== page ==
The Shoshone are often divided into four general groups:

(1) the Western Shoshone who lived in central Nevada, northeastern Nevada, and Utah. Some anthropologists have listed 43 different Western Shoshone groups.

(2) Northern Shoshone who lived in southern Idaho and adopted the horse culture after 1800.

(3) Eastern Shoshone of Wyoming who adopted many of the traits of Plains Indian culture.

(4) Southern Shoshone who live in the Death Valley area on the extreme southern edge of the Great Basin.

The Northern Shoshone groups include the Fort Hall Shoshone, the Lemhi Shoshone, the Mountain Shoshone, the Bruneau Shoshone, and the Boise Shoshone. The Lemhi Shoshone hunted buffalo in western Montana, but depended primarily upon salmon for their subsistence. The Bruneau Shoshone were not a horse people and depended largely on salmon and camas. The Boise Shoshone also used salmon and camas as primary foods and also hunted buffalo in Wyoming and Montana.

Shoshone bands, like other groups in the Great Basin and Plateau Culture Areas, were often named after their dominant food source. Thus mountain-dwelling Shoshone were known as Tukudika (“eaters of bighorn sheep” or sheep eaters). Other Shoshone groups include the Agaidika (salmon eaters), Padehiyadeka (elk eaters), Yahandeka (groundhog eaters), Pengwideka (fish eaters), Kamuduka (rabbit eaters), Tubaduka (pine-nut eaters), and Hukandeka (seed eaters), and the Kukundika (also spelled Kutsundeka; buffalo eaters).

Among the Western Shoshone, the most important game animals were antelope and bighorn. In hunting antelope, the animals would be driven along a V-shaped runway into a corral which had been constructed of brush, stones, and poles. A medicine person who had the power to capture antelopes’ souls through dreams, songs, and rituals, would aid the hunt by drawing the animals’ souls, and thus the animals themselves, into the corral.

Bannock:

The Bannock, who call themselves Bana’kwut (“Water People”), were called Buffalo Eaters and Honey Eaters by other tribes. The Shoshone referred to them with the term “pannaitti.” Brigham Madsen, in his book The Bannock of Idaho, reports that the Bannock

“migrated from the desert areas of southeastern Oregon to the more propitious and well-watered region found at the confluence of the Portneuf and Blackfoot streams with the Snake River.”

In the Snake and Lemhi River valleys and in the Bridger Basin, the Bannock came into close contact with the Shoshone and the two groups often intermarried. Today, the term “Sho-Ban” is often used to refer to the two tribes. Culturally, the two groups shared a common heritage and a similar worldview. They also spoke closely related languages. With intermarriage, many became bilingual.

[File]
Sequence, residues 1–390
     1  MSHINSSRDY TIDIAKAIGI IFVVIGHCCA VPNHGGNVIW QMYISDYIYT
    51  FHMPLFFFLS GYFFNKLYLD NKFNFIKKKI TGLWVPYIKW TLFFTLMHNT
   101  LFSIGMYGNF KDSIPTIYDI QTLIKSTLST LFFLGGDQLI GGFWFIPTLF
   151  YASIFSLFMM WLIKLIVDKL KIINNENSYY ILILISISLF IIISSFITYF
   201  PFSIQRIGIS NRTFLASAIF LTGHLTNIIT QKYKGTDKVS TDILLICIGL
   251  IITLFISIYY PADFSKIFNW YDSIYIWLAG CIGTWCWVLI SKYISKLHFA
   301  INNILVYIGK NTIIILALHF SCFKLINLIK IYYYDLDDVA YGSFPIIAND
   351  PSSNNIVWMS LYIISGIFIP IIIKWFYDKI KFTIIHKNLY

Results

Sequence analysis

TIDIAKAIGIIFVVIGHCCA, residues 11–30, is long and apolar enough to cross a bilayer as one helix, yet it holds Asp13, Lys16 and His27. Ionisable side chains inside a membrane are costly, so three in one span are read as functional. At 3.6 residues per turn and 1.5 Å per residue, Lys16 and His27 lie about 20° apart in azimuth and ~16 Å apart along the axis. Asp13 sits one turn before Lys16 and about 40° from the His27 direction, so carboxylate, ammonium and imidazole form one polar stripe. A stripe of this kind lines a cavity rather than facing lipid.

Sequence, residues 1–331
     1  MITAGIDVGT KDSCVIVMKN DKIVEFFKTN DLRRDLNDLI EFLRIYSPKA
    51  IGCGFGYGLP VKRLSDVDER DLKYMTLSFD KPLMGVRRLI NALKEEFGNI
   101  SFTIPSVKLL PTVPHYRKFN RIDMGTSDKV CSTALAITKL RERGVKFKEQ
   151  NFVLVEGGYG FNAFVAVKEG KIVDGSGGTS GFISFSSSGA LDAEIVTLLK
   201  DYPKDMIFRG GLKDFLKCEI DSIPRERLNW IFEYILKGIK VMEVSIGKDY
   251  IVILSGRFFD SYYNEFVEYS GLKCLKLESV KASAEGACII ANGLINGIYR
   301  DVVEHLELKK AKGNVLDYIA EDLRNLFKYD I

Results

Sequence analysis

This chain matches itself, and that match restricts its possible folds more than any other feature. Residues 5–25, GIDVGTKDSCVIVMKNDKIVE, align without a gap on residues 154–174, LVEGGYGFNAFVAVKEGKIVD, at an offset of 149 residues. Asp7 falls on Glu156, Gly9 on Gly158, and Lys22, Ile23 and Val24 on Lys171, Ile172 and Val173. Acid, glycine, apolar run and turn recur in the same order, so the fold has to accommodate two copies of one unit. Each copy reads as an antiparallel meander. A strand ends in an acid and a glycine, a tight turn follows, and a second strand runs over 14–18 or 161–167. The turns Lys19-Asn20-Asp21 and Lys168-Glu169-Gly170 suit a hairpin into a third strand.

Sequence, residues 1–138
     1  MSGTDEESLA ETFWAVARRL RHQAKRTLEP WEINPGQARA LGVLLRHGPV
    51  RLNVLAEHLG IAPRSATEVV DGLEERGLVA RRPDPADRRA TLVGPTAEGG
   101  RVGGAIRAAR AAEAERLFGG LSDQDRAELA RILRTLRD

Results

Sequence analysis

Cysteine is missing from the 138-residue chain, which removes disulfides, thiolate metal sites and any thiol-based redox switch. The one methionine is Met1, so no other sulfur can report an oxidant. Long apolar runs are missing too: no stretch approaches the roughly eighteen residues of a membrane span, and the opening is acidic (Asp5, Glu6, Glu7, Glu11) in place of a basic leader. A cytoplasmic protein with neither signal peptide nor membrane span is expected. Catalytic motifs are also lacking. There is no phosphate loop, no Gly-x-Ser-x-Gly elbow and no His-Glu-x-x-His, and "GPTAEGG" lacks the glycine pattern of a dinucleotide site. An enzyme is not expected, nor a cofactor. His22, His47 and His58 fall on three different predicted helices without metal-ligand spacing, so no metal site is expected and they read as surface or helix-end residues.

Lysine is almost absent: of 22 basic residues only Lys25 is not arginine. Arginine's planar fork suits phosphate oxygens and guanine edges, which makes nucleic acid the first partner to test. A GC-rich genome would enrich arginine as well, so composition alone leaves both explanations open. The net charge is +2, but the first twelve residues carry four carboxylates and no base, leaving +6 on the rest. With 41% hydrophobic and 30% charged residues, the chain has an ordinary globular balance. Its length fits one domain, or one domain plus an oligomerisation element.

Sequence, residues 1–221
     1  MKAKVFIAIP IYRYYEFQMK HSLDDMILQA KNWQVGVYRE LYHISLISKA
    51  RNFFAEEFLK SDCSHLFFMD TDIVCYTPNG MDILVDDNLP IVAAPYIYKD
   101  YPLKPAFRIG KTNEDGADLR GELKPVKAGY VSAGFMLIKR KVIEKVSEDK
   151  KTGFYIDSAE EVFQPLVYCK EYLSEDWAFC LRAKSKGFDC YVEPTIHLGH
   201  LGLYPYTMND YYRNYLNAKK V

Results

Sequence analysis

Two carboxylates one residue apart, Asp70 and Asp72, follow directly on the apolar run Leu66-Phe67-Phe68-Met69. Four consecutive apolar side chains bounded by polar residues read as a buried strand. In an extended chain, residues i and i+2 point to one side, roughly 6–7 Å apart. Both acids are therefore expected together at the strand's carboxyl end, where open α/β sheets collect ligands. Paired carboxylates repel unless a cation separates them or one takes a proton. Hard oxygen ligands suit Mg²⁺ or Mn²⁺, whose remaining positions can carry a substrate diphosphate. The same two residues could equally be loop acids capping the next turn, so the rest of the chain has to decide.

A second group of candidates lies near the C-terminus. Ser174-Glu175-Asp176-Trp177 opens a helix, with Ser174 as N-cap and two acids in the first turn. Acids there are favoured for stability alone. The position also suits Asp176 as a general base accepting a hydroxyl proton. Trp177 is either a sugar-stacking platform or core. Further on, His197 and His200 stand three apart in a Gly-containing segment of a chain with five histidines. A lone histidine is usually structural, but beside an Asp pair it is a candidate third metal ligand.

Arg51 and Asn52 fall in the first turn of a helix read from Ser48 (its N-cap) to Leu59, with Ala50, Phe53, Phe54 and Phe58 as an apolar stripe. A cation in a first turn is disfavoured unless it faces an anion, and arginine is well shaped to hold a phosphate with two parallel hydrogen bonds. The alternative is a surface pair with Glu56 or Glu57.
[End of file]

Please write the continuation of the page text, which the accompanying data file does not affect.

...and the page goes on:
Goshute (Gosiute):

The traditional homeland of the Goshute was south and west of Great Salt Lake. They lived in the Toole, Rush, and Skull valleys. There are many who feel that the Goshute are linguistically and culturally Shoshone. The Goshute bands include Cedar Valley, Deep Creek, Rush Valley, Skull Valley, Toole Valley, and Trout Creek.

Historically these people have been designated as Go-Sha-Utes, Goshee Utes, Goshoots, Go-shutes, Gosh Yuta, Go-ship Utes, and Goships. The term “Goshute” seems to come from the Shoshone term “kusippih” which has a meaning of “dry earth,” probably in reference to the marginal land which they inhabited.

Paiute:

There are fifteen Southern Paiute bands: Chemehuevi, Las Vegas, Moapa, Paranigat, Panaca, Shivwits, St. George, Gunlock, Cedar, Beaver, Panguitch, Uinkaret, Kaibab, Kaiparowits, and San Juan. In the northern part of the Great Basin, the bands tended to call themselves after a particular food source: “salmon eaters,” “mountain sheep eaters,” and so on. In the south, the band names tended to be geographical.

 

Colorado’s “Meeker Massacre”

( – promoted by navajo)

American government policies regarding Indians on reservations during the 1870s encouraged the total destruction of Indian cultures. The application of these policies varied from reservation to reservation according to the amount of tolerance which the Indian agent, usually designated by a Christian missionary group, exhibited toward Indian cultures. In Colorado, the rigid intolerance of one Indian agent on the Ute Reservation resulted in an Indian uprising and a brief battle called the “Meeker Massacre” by historians.  

Nathan C. Meeker was appointed as Indian agent for the Utes on the White River, Colorado reservation in 1878. As with many Indian agents of this era, Meeker had no experience with Indians. He had, however, experience in organizing a utopian religious community in 1869. With this background, his goal in working with the Utes was to convert them into hard-working, God-fearing savages.

In 1879, Meeker, complained to the Commissioner of Indian Affairs about Indian horses:

“The practice of these Indians in keeping and holding horses on an extensive scale is not only discouraging to farm industry, but is working a most serious inconvenience, if not loss, to cattle interests.”

The Utes, however, prided themselves in their wealth in horses. A month later he wrote:

“It seems to me evident that the greatest obstacle to civilizing the majority of these Indians is their ownership of horses, which is proved by the fact that those who work have either few or no horses.”